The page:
Pete Suazo Invitational draws boxers from across the Intermountain West
Aug 30, 2018 01:37PM
● By Jana Klopsch
SSL PAL boxing head coach Matt Pena poses with his fighters at the Pete Suazo Invitational. (Photo/Jerry Silva
By Brian Shaw | firstname.lastname@example.org
Every August, the South Salt Lake Police Athletics/Activities League, or PAL, plays host to a pivotal tournament in Utah's boxing community, the Pete Suazo Invitational.
In year’s past, the tournament has drawn some of the region's best fighters according to Matt Pena, South Salt Lake PAL head coach.
Part of that, from Pena's viewpoint, has to do with the lessons that he learned from his grandfather, boxing at his gym as a youth in Davenport, Iowa—those which he's tried instilling in his own fighters.
“It's nice to see that the discipline we've been passing along to the sport has proven to be applicable, you know, on the biggest stages,” he added.
For Pena, it all starts with working with these kids in the community. Having firsthand knowledge of what they're going through not just in the ring but outside of it provides a greater understanding in his view on how he can help fix the more telling and more difficult issues at home or at school, he said.
“Having a dream, letting them know these things they want to achieve are possible and that it's real—because a lot of times, people see these things on TV and they see them happening to other people and it's hard for them to really personalize it and make it be something they believe they can achieve.”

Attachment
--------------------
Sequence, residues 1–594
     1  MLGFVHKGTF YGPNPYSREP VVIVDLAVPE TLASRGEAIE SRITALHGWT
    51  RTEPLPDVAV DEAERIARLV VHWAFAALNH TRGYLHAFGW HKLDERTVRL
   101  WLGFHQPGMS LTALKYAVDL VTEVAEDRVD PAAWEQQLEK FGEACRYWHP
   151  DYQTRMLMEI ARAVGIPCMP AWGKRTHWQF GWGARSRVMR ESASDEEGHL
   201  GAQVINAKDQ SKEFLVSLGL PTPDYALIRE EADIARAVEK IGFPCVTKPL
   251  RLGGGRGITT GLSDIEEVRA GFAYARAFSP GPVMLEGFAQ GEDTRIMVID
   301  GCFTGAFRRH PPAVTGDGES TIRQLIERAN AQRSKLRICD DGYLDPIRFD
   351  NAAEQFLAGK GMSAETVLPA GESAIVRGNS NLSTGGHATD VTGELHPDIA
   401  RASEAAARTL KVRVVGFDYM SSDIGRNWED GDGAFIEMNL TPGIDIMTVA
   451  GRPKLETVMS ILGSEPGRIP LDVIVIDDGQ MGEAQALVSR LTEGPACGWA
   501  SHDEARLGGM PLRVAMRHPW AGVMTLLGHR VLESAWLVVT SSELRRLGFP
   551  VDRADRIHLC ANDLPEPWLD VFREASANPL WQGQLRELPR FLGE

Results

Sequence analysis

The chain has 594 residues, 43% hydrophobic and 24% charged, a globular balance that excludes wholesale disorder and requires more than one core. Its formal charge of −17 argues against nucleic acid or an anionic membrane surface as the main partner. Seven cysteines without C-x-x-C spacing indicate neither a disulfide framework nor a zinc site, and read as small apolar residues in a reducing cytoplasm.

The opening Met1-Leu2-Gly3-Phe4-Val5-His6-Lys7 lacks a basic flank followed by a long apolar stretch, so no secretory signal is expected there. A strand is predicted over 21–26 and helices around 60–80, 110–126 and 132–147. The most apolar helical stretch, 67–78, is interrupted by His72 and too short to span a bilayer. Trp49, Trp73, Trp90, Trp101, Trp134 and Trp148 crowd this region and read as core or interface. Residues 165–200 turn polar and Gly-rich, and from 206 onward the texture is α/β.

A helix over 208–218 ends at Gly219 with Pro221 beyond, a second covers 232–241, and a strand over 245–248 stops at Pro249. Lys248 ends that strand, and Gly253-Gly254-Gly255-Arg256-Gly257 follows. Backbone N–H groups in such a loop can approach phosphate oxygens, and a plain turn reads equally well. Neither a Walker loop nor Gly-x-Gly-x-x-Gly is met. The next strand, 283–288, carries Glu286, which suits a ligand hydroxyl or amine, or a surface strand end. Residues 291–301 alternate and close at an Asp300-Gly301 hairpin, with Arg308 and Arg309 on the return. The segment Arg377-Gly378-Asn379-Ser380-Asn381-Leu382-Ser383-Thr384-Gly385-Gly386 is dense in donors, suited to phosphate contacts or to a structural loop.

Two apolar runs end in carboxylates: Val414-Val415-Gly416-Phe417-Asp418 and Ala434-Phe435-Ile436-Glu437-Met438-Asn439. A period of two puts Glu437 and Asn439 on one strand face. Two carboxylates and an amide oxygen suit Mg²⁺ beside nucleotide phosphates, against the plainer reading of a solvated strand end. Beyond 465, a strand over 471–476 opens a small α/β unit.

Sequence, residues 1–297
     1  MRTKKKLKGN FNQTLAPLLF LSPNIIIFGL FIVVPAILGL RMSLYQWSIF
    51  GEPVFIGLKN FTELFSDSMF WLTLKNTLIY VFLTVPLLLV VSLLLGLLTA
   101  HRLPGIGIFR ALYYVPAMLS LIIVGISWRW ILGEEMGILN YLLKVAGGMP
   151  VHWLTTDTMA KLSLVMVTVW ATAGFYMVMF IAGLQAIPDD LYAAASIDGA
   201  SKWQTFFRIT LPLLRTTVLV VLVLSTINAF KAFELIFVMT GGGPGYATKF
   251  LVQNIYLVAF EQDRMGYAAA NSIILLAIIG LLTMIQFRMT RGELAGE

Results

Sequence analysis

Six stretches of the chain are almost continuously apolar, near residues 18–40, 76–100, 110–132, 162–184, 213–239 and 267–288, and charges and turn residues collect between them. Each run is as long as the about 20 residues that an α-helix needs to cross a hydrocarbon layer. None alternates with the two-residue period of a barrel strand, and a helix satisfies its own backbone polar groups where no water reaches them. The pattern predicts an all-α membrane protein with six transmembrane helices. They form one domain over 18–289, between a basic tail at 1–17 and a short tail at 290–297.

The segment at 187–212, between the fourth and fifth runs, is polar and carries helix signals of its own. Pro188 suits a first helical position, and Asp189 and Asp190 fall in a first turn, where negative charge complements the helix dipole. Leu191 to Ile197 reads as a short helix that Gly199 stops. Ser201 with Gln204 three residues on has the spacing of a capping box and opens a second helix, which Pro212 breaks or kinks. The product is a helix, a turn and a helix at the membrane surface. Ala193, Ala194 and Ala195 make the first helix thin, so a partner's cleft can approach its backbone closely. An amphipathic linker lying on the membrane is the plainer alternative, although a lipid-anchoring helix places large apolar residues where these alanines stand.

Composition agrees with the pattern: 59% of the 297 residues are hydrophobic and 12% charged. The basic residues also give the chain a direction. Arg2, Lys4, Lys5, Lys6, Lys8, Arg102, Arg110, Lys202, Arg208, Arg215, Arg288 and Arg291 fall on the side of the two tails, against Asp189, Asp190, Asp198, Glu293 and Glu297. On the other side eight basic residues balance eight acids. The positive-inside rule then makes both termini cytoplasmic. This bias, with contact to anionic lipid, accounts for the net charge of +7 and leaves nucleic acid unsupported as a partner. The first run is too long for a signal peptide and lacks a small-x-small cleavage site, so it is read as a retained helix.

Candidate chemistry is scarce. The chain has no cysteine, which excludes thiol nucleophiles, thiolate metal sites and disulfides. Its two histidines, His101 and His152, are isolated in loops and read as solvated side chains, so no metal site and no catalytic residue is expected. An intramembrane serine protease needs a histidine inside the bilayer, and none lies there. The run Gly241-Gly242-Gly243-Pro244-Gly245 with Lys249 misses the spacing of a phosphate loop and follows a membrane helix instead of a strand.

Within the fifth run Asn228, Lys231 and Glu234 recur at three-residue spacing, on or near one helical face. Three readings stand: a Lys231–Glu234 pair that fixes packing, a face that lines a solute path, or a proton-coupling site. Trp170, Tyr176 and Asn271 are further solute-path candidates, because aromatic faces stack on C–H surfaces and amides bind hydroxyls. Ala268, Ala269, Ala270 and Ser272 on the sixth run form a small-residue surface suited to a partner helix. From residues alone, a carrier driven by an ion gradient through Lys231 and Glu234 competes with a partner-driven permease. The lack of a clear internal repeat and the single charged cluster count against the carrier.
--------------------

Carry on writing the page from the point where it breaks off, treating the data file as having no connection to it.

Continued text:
On Aug. 3-4, fighters coached by Pena at the PAL and other gyms from around the West converged on the Central City gym.
In front of hundreds of fans, family and supporters they fought over a two-day span. Several PAL fighters came out victorious according to Pena.
The other highlight of the event, however, came at its conclusion when World Boxing Commission champion “Vicious” Victor Ortiz was on hand and signed all the winners' boxing gloves.
In a world where most celebrities usually sign their memorabilia with machines and even ghost signers, it was nice to see such a kind gesture from Ortiz—one that meant so much to these kids who are, in Pena's words, trying to chase their own dreams.